Tim McDonald's thoughtful article about a break he took from a recent media tour of Vietnam to visit Chu Lai, where I was stationed during the war, has moved me to the verge of tears. Part of it is an old man of 60 looking back through the mist of time, knowing he'll never again look back that far in this life. The other part of it is having done a tiny something for this country.
I am proud of that. Very proud. Even though I am sure I was a terrible soldier. At least I was there. My country called and I answered. I didn't agree with the war, but I went. Maybe it would have taken more courage to go to Canada. I don't know. I do know it makes me feel good to have served in the Nams during 1969-70.
I told Tim to look for the ghosts. Like the ghosts I told Tim about when 12 or 15 GIs came into Chu Lai from the bush. They were infantry. Young, cool guys with an easy gait. All in good shape, tending toward thin.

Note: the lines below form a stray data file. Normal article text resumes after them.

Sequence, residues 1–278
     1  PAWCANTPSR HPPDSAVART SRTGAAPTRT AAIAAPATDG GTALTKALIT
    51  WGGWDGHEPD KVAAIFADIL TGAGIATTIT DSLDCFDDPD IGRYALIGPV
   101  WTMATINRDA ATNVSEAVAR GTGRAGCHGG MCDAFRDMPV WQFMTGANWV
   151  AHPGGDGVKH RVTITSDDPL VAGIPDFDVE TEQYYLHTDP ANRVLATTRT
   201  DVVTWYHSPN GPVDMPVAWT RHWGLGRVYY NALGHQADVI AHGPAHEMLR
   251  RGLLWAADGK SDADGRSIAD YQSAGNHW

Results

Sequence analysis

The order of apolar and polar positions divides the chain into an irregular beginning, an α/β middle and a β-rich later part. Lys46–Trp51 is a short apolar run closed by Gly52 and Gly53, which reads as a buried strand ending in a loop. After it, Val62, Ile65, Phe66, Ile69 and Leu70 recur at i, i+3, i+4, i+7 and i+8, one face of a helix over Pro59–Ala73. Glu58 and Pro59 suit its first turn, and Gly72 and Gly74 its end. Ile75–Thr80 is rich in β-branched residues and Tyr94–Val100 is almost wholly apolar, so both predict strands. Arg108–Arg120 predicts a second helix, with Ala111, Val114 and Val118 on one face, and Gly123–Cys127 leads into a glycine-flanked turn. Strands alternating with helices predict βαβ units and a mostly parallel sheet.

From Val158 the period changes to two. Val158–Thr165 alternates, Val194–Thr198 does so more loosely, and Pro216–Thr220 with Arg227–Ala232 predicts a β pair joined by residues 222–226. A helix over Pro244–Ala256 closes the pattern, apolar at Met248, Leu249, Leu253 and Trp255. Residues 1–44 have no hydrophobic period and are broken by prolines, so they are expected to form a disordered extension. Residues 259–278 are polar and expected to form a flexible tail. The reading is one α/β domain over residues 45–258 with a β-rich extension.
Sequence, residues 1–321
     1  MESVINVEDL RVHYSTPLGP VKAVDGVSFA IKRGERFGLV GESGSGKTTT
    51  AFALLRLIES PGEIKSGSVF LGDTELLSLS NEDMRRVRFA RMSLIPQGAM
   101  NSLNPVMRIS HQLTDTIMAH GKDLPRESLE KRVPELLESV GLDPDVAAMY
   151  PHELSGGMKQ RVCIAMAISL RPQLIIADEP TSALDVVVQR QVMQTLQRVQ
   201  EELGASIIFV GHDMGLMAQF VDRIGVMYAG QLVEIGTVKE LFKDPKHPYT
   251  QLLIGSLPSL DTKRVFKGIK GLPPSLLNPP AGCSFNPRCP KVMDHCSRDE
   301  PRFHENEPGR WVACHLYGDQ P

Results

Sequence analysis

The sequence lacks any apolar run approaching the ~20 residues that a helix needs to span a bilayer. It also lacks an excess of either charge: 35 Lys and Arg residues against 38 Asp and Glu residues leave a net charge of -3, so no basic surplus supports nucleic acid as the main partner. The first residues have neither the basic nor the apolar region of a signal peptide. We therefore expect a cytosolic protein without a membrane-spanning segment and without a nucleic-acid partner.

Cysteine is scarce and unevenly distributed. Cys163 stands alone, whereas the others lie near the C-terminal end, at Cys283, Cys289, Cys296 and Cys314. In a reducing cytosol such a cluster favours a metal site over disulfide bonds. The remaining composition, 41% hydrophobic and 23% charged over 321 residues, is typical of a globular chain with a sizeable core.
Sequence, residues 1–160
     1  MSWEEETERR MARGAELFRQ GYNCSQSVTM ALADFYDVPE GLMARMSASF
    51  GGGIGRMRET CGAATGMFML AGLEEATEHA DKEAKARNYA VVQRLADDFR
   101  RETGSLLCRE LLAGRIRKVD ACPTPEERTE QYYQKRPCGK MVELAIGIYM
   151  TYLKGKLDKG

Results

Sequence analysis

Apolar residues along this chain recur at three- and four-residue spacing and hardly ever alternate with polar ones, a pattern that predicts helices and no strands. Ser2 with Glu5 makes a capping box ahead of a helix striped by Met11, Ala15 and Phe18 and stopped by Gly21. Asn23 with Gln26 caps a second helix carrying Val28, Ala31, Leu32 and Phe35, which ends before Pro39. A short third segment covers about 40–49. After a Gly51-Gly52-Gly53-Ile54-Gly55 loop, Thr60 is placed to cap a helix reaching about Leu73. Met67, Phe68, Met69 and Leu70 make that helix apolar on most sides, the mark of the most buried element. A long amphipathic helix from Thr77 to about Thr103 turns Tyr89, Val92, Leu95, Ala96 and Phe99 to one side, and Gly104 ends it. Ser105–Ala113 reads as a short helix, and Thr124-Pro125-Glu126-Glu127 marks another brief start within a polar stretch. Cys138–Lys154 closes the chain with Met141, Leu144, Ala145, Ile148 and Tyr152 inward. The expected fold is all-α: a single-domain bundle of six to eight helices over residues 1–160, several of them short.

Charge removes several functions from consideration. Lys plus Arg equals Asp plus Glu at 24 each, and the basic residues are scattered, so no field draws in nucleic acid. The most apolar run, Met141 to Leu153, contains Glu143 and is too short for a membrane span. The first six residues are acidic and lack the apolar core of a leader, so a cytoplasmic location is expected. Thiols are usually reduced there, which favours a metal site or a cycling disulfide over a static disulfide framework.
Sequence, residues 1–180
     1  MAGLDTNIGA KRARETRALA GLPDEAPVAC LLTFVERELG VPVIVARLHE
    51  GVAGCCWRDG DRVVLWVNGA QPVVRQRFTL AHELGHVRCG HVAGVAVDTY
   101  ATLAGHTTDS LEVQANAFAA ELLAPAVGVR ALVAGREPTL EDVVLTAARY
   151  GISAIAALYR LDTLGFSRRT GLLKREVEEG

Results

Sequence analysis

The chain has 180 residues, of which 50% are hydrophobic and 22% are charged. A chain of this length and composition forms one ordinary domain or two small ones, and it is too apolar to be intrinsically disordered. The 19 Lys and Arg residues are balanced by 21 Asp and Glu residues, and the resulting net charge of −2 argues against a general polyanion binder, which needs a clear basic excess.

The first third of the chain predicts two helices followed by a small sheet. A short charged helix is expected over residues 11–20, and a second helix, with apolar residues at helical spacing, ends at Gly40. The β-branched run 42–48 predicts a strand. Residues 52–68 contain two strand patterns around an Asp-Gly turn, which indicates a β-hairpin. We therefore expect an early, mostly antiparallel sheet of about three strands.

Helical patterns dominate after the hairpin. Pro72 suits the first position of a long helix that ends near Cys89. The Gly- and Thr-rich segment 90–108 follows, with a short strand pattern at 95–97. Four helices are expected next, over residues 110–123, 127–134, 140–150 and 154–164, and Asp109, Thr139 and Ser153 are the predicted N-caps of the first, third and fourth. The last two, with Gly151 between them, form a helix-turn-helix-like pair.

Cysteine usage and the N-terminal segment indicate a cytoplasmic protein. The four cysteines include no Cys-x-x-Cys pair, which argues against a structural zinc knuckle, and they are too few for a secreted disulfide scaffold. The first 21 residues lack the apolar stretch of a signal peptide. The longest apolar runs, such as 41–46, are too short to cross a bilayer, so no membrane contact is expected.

They were going to the Post Exchange. No weapons, save a couple of them with knives attached to their shoulders. Pant legs tied to keep the leeches out. Some had colorful beaded necklaces.
Their manhood wasn't in question. Everybody gave them a wide berth. Guys, including me, were reluctant to even look their way. Chu Lai was primitive. To these boys, though, it had to seem like Gay Paree. They had seen stuff nobody ought to ever see. They had heard the men and the monkeys in the jungle scream. Killed and been killed.
They were in Chu Lai on a three-day stand down. Then it was back to the Show. They were the coolest and deadliest-looking guys I have ever seen. They walked assuredly and hardly talked at all. I will never forget that. Those were warriors, my friends. Those were the ghosts I told Tim to look for.
November 16, 2006
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